As I stated above, this is my preferred method of evangelism. It typically cuts to the chase and circumvents much discussion meant to derail the sharing of the gospel. That being said, this intermediate course will aid the timid Christian to confidently engage in further evangelism as well as equip him or her for many different intimidating scenarios. I highly recommend this resource to all Christians.

The Pure Flame of Devotion edited by G. Stephen Weaver and Ian Hugh Clary

Pure Flame of DevotionThe Pure Flame of Devotion: The History of Christian Spirituality – Essays in Honor of Michael A.G. Haykin. Edited by G. Stephen Weaver, Jr. and Ian Hugh Clary. Ontario: Joshua Press, 2013. 548 pp. $44.99. Purchase at Amazon for much less.


Michael A,G. Haykin serves as Professor of Church History & Biblical Spirituality. Dr. Haykin has a B.A. in Philosophy from the University of Toronto (1974), a Master of Religion from Wycliffe College, the University of Toronto (1977), and a Th.D. in Church History from Wycliffe College and the University of Toronto (1982). Dr. Haykin and his wife Alison have two grown children, Victoria and Nigel. As Russell Moore states in his foreword, Haykin’s written books take up a full shelf and a half. I have reviewed a few of his books and have even been able to interview him in the past.

Ian Hugh Clary served as a research assistant to Dr. Haykin from 2003-2006. Steve Weaver is pastor of Farmdale Baptist Church in Frankfort, KY, and has served as Dr. Haykin’s research assistant since 2008.


With over 23 chapters compressed into 540 pages, the contributors, a list of who’s who in church history studies, paints with extremely broad strokes of church history.

From the back of the book:

Since the time of Christ, the church has known men and women renowned for their devotion, spiritual insight and piety. Collectively their lives portray a broad history of Christian spirituality. This volume is meant to ignite your interest and understanding of key time periods and pivotal people from various eras of church history. Instead of exploring the overall spiritual perspective of a person or period, only certain aspects of thought are dealt with. This is an approach to church history with an eye to issues of spirituality that emphasizes how today’s Christians can cull ancient sources for their spiritual enrichment and encouragement as they seek to live their lives under the direction of the Holy Spirit.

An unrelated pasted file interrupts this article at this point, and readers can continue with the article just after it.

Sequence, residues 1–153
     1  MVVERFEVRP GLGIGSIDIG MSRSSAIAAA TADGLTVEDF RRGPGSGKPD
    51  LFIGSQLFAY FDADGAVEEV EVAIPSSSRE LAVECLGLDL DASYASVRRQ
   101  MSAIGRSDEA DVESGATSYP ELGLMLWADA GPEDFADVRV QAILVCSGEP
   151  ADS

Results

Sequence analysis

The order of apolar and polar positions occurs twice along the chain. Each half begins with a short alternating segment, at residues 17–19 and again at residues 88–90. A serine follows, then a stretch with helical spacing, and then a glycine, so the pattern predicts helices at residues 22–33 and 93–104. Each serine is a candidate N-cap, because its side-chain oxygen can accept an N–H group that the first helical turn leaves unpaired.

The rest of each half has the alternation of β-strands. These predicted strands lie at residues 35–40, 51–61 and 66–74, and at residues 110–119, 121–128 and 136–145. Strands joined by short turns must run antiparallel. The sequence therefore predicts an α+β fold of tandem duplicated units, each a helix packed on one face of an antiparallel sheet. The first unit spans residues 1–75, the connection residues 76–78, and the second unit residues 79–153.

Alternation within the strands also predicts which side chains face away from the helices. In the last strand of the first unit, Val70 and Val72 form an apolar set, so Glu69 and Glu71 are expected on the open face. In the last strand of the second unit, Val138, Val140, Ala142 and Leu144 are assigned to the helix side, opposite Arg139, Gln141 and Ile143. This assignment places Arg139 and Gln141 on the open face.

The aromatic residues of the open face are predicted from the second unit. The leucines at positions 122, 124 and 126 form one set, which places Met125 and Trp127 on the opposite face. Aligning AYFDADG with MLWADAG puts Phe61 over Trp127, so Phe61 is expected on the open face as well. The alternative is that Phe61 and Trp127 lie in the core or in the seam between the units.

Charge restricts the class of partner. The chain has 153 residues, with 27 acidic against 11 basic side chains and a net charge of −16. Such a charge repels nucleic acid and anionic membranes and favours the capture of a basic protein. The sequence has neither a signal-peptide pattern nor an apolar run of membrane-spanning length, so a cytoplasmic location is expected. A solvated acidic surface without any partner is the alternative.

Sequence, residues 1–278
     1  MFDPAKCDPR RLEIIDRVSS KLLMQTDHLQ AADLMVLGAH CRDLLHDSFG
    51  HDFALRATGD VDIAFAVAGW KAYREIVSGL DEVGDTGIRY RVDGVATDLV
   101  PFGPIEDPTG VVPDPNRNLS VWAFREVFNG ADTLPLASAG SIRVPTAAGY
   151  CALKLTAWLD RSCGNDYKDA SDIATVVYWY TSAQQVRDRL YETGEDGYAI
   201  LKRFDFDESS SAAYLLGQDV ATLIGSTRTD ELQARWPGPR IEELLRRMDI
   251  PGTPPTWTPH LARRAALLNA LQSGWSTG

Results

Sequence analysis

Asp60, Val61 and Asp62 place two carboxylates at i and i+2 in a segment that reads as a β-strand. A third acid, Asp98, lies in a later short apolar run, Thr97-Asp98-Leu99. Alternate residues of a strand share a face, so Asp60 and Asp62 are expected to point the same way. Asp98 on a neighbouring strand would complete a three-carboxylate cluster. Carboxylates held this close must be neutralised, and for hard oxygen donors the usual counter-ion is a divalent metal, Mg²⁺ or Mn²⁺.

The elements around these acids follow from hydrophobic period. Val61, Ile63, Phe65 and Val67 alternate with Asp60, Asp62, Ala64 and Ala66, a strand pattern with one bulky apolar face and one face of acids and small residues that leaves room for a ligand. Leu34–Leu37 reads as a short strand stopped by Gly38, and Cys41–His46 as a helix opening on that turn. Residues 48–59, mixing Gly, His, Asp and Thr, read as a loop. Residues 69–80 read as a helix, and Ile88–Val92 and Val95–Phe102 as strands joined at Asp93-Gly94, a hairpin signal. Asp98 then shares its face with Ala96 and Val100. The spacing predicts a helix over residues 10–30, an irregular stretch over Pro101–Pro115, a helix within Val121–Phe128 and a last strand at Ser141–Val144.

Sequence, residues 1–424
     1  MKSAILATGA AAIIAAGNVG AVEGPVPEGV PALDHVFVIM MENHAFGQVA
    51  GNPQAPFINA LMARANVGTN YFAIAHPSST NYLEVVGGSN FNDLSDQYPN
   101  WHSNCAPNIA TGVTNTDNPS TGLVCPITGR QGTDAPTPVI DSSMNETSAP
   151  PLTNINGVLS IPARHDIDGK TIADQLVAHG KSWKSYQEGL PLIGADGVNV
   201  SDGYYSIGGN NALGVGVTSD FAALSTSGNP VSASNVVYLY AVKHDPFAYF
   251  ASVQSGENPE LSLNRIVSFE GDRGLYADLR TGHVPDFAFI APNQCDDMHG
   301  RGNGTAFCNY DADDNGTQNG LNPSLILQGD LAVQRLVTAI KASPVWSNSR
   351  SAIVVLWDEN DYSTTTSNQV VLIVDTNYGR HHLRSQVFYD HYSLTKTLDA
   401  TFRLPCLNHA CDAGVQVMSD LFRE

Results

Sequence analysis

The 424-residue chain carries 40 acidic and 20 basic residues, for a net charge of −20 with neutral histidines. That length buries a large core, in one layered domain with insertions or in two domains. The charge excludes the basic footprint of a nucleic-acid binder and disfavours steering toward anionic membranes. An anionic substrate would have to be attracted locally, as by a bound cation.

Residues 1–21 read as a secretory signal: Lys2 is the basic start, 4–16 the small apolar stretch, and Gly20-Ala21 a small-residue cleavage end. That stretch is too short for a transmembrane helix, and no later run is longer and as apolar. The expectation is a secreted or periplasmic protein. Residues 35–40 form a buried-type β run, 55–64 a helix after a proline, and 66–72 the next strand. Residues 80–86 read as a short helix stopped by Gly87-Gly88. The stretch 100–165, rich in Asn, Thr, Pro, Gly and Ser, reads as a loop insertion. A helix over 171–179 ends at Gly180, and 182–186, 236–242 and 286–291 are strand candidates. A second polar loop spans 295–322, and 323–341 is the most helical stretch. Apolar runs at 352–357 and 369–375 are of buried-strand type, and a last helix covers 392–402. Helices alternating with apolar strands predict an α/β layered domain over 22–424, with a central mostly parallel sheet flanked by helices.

Each of the exceptional contributors is knowledgeable in their particular subject area.Through extensive original research they skillfully expound the vitality and richness of the spirituality of their subjects. Introduced to these historical figures who walked closely with God, Christians will find rich application and benefit for their souls.


The scope of this book is breathtaking to say the least. There is something for everyone in this work. There is a section on the Patristics to the Medieval era of church history that I found most interesting as I am not as familiar with this area of the history of the church as I am with others. The section on Reformation and Puritan spirituality is much more familiar for me personally.

Each chapter is written by a man who is fluent in the life and the period of history in which he writes. The strength of this work is to be discovered chapter by chapter as you, the reader, are introduced to over 15 different men from the history of the church and their important, though often forgotten, contributions to the theology of Protestantism.

This is not meant to be read as a passing fancy. Rather, this work is meant to be read, digested, and read again. In doing so, the reader will more than likely be sparked to an interest in an area he may have never been aware.

Finally, the book does not need to be read from cover to cover. While that is a definite possibility, and would show you a historical formation of spirituality, I would recommend picking and choosing chapters and hop around all over the 548 pages until you have read the entire book.


If you are interested in church history or a proper understanding of biblical Christian piety and spirituality, I highly commend The Pure Flame of Devotion. This will be a resource you purchase and read and refer to for years to come.

Short, introductory reviews of Christian Books